Botanical Extraction

Calculating Extraction Efficiency

Written by Tamir Bresler

The most common industry methods

Calculating extraction efficiency seems like a pretty straightforward process.However, in the case of cannabis extraction, this is not the case.

Each cannabis extraction, or“run” as they’re called in the industry, begins by filling up an extraction vessel with a certain starting mass of plant material. The cannabinoids are extracted from the plant matter using some type of solvent. The loaded solvent is transferred to a collection chamber, where some type of cannabinoid concentration occurs, usually by means of evaporating and reclaiming excess solvent from the sample. The resulting resin is known as the ‘crude extract,’ ‘crude oil,’ or simply ‘crude’.

The process, at this point, diverges depending on whether you are making vape oil or full spectrum extracts. Focusing on the vape oil method, the crude is taken through successive rounds of distillation and winterization to purify and concentrate the desired cannabinoids. Full spectrum extracts do not undergo distillation, but instead are placed directly into a low-temperature vacuum oven, where the hardening and crystallization process can be controlled to create the various extracts on the market.

In the lab, more data is better than less. For the extraction process, there are several key parameters that help describe extraction efficiency. First, determine how much crude oil is extracted from each run with x amount of starting material. On its own, that number doesn’t mean much, because the viscosity of the crude–and therefore its weight–depends almost entirely on operator technique and varies from sample to sample even for runs with equivalent masses of starting feedstock. Another important variable to track is solvent loss during each run. Together, these two numbers can help you calculate the mass of crude oil extracted from the starting material.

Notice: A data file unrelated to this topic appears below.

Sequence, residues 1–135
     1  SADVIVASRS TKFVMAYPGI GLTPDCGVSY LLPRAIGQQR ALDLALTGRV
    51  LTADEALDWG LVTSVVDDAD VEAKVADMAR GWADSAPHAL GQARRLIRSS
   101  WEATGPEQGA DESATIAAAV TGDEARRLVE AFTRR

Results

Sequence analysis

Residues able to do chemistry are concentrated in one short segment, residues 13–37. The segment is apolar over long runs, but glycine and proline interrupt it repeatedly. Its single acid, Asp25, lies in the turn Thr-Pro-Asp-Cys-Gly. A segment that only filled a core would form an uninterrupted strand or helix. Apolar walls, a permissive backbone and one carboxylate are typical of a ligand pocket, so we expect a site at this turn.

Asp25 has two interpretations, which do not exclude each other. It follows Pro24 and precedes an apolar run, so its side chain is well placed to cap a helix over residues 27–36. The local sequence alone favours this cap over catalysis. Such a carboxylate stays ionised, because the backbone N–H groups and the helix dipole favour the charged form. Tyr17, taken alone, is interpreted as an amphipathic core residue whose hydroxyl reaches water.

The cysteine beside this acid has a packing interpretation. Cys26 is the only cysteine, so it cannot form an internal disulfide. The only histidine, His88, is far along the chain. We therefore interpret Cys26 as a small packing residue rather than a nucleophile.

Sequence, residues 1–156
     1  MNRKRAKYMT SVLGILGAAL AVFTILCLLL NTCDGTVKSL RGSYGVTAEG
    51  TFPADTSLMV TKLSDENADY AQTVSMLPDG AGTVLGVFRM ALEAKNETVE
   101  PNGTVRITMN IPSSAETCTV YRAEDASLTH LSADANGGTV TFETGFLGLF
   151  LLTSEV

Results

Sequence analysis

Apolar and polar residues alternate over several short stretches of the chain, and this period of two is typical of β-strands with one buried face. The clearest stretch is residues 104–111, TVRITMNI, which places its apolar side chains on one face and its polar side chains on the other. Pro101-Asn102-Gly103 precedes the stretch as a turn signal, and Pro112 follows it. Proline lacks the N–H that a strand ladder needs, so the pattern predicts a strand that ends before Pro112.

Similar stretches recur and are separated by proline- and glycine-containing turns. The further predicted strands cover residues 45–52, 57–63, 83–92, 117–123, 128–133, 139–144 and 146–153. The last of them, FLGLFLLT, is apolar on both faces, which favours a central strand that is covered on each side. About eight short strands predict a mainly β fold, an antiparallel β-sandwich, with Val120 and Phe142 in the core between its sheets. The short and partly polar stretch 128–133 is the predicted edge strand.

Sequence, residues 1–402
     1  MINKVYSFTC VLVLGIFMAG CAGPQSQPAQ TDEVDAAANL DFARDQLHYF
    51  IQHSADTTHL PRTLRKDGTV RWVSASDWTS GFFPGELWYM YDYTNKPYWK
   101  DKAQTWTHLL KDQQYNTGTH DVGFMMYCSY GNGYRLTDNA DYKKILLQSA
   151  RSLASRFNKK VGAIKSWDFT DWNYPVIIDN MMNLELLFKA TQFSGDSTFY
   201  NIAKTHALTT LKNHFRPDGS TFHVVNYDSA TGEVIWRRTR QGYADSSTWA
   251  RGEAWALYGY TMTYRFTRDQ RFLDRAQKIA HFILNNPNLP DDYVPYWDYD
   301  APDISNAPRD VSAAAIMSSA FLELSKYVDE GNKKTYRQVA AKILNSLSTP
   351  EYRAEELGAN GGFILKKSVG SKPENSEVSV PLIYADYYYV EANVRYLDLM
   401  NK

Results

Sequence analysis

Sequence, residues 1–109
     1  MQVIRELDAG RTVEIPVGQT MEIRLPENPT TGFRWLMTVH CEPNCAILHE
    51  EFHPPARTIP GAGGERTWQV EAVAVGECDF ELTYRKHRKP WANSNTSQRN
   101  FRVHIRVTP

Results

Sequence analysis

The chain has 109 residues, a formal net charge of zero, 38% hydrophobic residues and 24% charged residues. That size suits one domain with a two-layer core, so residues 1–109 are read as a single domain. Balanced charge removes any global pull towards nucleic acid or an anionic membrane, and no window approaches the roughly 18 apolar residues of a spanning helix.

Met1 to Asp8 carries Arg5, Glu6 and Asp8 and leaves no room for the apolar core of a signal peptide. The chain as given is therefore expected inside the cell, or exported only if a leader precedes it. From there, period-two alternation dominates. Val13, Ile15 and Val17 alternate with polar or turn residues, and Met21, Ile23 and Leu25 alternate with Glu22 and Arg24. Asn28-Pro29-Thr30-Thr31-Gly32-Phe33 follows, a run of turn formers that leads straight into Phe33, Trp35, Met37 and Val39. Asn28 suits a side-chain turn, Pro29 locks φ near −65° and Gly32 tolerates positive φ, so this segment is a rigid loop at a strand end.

This number is useful for tracking employee performance and crude oil consistency, but reveals little about the overall extraction efficiency extraction. The percentage of THC or CBD in each cultivar is of course different. Not only that, but the efficiency of each extraction method, each individual system, and each specific operator are different.Finally, downstream processes such as the distillation, winterization, and filtration stages all effect the final mass of ‘polished gold’. Tracking the mass of every batch as it goes through these stages helps you manage inventory loss. The most important parameter to know, however, is the difference between the final mass of the crude oil and the purified, concentrated oil.

When your product is tested for potency, whether in-house or at a certified laboratory, the batch mass together with the potency concentration will tell you how much THC or CBD is in your batch. From there, you can calculate how efficient your extraction was by comparing the total cannabinoid concentration in the crude oil to the assumed total cannabinoid concentration in the plant, which is given by the percent THCA or CBDA declared on the label or by the cultivator. These numbers can be converted to THC and CBD using respective decarboxylation factors. You will also be able to quantify cannabinoid loss in your downstream processes by figuring out the difference in absolute cannabinoid content between the gold and the crude.

Science might seem difficult from the outside, but in reality, it is just a matter of thinking the process through and working through the problem logically.

About the author

Tamir Bresler

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